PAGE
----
The 1880 Census shows that he is renting 33 acres and seems to be doing well raising crops and livestock with his new wife and adopted son (remember Charles Thurber?) compared to the owners of land around him, with the obvious exception of the cemeteries.

Our subject, Charles Thurber Dow, has moved out in 1890 and is living in Meriden, CT and working for the Meriden Electric R.R. Co. as a (streetcar) conductor per the city directory. Mary J. Dow, his (adoptive?) mother disappears from all records after the 1880 Census and is never heard from again. Ensign Dow passes away in Oct. 1895, but no mention of Charles or Mary is made in any obituary.

Charles marries Agnes Jane Carroll (1867-1957) in 1891, and they go on to have six children together (including the infamous Gladys M. Dow in my earlier blog "Gossip! News! Fame & Infamy!"). He changes careers briefly around 1900 and works for the predecessor of the American Hardware Corp. as a lathe operator. Family lore has it that he had developed an addiction problem, and they were forced to move frequently, but by 1903 he had landed a new job with the New London - Niantic Railway as a street car conductor.

All appears well in the population records, their last child is born in 1907, and he is still a conductor in 1910. But one night, again per family lore, there is a knock on the door and they open it to find an Irish priest. He demanded that Charles divorce Agnes, and make an honest woman of his sister, Mary Cochrane (1888-1959). One has to assume that Charles must have been quite the charmer to seduce a woman 21 years younger than himself.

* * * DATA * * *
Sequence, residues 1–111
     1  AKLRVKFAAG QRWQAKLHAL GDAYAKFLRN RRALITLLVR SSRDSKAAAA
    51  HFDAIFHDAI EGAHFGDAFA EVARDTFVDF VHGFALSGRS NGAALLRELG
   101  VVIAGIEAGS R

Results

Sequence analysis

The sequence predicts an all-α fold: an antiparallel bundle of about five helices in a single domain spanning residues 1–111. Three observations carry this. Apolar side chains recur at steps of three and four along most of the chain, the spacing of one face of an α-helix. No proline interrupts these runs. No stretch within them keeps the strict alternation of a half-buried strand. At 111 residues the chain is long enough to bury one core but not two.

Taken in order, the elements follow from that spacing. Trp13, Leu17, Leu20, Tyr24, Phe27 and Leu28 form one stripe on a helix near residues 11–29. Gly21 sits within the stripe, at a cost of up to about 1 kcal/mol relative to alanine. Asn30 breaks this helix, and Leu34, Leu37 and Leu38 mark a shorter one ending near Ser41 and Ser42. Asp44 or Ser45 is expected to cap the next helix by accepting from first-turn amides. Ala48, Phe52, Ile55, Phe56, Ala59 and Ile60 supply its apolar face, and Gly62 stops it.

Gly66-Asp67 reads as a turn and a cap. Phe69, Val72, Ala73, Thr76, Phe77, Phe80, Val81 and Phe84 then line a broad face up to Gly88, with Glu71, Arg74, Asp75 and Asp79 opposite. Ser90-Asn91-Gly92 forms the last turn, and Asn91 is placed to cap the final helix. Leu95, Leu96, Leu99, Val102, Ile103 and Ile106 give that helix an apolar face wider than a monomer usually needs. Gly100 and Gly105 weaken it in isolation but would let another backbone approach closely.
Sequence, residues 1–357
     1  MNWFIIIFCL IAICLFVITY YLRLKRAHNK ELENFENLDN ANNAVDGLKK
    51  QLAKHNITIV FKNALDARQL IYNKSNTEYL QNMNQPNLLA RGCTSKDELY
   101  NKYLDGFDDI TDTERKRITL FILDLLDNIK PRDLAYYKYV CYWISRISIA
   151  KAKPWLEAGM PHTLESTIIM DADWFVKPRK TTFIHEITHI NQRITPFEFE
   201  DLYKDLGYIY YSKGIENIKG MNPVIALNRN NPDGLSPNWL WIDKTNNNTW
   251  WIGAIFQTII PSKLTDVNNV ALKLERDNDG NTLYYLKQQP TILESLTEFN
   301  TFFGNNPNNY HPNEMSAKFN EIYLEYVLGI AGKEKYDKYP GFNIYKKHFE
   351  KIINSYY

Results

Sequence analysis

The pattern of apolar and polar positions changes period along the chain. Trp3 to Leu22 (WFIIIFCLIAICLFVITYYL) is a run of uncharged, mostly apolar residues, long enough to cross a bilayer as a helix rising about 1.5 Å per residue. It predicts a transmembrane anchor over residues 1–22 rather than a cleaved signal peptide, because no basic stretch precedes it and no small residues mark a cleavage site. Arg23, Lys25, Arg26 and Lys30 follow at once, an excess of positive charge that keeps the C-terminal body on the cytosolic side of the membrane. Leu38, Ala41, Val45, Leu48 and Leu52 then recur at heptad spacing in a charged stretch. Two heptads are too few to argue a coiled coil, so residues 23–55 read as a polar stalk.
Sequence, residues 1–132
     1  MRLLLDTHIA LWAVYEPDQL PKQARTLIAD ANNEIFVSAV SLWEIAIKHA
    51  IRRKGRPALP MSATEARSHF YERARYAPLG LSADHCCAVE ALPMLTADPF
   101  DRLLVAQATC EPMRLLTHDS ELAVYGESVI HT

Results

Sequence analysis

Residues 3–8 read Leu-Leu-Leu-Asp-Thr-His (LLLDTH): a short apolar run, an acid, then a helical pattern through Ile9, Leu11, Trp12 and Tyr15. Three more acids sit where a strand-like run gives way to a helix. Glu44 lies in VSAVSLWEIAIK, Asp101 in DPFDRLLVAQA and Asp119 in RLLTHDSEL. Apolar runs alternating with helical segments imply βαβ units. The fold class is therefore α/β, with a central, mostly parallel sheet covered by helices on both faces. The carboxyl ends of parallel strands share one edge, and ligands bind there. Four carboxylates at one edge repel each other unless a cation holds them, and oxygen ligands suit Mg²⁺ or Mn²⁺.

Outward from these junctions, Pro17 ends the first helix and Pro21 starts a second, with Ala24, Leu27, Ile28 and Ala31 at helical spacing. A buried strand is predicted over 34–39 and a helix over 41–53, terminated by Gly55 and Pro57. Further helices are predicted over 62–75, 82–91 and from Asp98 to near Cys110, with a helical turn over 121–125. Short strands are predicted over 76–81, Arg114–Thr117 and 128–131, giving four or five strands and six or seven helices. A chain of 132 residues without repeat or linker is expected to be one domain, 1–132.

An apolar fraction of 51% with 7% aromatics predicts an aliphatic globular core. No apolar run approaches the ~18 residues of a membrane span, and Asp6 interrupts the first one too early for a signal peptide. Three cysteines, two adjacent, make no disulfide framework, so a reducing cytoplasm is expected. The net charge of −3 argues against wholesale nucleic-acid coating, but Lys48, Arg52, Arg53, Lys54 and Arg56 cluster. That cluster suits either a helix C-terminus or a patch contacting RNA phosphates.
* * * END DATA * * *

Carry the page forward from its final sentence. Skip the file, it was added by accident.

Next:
Charles and Mary skipped town, their son was born in July 1911 in Poughkeepsie, NY and Agnes is unmarried. Charles and Mary had two more children and he remained a streetcar conductor until around 1930 when they moved to Bridgeport, CT. She is listed in the phone directory as his "widow" (the less scandalous title for a divorcee), and he is living with a niece from Maine and working as a machinist. He is now 55 years old.

Hillside Home,  from UConn library
Hillside Home, from UConn library. No date - 1960's VW?

By 1936, he is listed as living in the Hillside Home in Bridgeport, which until 1915 was called "The Almshouse." Charles stayed at this city-owned facility for the indigent until 1953 when he relocated to the Twin Pines Convalescent Home, a "chronic care" nursing home, in New Milford, Litchfield, CT. He died there at 86 years of age in 1954.